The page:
The tension proves to be to much for some, and crowd trouble flares outside Elland Road. A bus carrying Bradford supporters has it’s windows kicked out from the inside, and there are further problems outside a pub called The Peacock, around the corner from the ground. The police make twelve arrests but, with modern surveillance techniques, more are expected. As it turns out, the crowd, whilst the biggest of the round by a country mile, is a little disappointing at just over 20,000. In the modern age a large number of supporters are season ticket holders, and they are often loathe to spend even more on tickets for a match like this, which is hardly the most important of the season. One would think that more imaginitive clubs would realise the advantage of them of having a full house for home matches (for atmosphere and for revenue building from merchandise and food sales), but Ken Bates doesn’t work like that, so Elland Road is half-empty tonight.

Leeds start strongly, and it doesn’t take long before they take the lead. They’ve already shaved the outside of the post when, after seven minutes, Paul McLaren handles and Andy Robinson scores the resulting penalty. Fifteen minutes later, Bradford have the ball in the Leeds net, but it’s all for nothing. Daley’s tap in on the goal line after a scramble is disallowed for offside. For his protests, Bradford manager Stuart McCall is booked for dissent. On the half-hour mark, Leeds’ injured forward Enoch Showunmi is replaced by the Argentinian Luciano Becchio. It proves to be one of the turning points of the match. City continue to battle back, but Barry Conlon’s header across goal is a bad miss, and Bradford are showing signs of tiring just before half-time when Andy Robinson’s shot hits the crossbar. It’s a brief respite only for Bradford, though, and with three minutes left of the first half, Becchio is left unmarked from Robert Snodgrass’ free kick, and he heads a simple goal to double Leeds’ advantage. The second half sees Leeds press on to try and kill the game off once and for all, and they come close to managing this when Frazer Richardson’s shot hits the post. With just under twenty minutes to play, however, Bradford claw their way back into proceedings. Omar Daley gets the ball to the Leeds byline and cuts the ball back for Kyle Nix to pull one back. Although Bradford huff and puff, there’s no way back into the game for them, and Leeds hold on comfortably for a 2-1 win.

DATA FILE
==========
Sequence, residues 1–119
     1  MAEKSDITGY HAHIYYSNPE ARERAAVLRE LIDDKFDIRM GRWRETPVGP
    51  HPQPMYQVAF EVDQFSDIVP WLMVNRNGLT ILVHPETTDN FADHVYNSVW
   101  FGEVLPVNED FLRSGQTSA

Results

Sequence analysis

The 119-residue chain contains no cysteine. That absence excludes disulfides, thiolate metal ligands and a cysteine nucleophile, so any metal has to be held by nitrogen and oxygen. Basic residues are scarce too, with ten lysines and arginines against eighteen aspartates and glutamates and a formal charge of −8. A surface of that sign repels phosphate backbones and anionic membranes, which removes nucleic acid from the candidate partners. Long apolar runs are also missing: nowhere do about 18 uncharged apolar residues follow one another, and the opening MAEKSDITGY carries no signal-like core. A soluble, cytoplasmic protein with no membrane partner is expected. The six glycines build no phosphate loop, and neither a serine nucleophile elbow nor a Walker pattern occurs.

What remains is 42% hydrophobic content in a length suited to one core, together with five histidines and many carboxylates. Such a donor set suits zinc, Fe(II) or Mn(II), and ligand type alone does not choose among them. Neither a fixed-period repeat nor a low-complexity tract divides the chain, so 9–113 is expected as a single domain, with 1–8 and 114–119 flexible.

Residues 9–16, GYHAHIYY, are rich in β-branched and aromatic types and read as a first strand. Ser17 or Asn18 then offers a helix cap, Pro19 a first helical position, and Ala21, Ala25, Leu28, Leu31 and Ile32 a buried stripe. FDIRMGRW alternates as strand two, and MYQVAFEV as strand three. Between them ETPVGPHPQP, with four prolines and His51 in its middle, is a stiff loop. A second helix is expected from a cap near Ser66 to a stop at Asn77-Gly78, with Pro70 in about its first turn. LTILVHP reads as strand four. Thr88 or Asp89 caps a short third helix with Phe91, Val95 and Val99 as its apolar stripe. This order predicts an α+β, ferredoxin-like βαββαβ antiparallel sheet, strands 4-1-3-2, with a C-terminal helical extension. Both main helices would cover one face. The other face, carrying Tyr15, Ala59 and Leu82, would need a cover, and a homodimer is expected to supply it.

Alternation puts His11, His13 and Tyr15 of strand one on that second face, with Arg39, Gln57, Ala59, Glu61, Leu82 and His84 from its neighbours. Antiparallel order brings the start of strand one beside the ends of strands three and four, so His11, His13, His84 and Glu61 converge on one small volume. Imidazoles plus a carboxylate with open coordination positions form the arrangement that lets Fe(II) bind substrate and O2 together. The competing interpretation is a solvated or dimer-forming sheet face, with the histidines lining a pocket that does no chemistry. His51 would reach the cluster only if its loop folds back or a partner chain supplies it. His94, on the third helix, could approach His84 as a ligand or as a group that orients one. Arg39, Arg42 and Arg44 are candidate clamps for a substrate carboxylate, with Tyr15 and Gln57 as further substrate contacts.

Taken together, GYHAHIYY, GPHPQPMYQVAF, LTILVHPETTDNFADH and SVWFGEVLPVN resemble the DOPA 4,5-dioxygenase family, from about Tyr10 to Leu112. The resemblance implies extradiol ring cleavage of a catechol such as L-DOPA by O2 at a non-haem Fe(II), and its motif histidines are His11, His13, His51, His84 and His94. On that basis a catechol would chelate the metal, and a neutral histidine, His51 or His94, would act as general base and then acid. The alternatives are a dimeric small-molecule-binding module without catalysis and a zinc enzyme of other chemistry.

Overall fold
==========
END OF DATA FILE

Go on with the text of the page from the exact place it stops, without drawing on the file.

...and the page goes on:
So, a second round place for Leeds United, and disappointing night for Bradford City, whose place in the current West Yorkshire scheme of things is reaffirmed. To make matters worse, their travelling support – over 4,000 of them – are left inside Elland Road for twenty minutes after the match as the police seek to disperse the crowd outside the ground and diffuse any trouble that may be hiding around the corner. They’re only partially successful in doing this, and reports of scuffles around the city centre continue into the night. For the Johnstones Paint Trophy, though, it has been a successful evening. A crowd of over 20,000 for a first round match in any competition isn’t a bad result, and those running the competition will be keeping their fingers crossed that Leeds continue to progress in the competition, even if some of the rest of us have more mixed opinions. It might not be the Champions League, but there might just be life in the Johnstones Paint Trophy yet.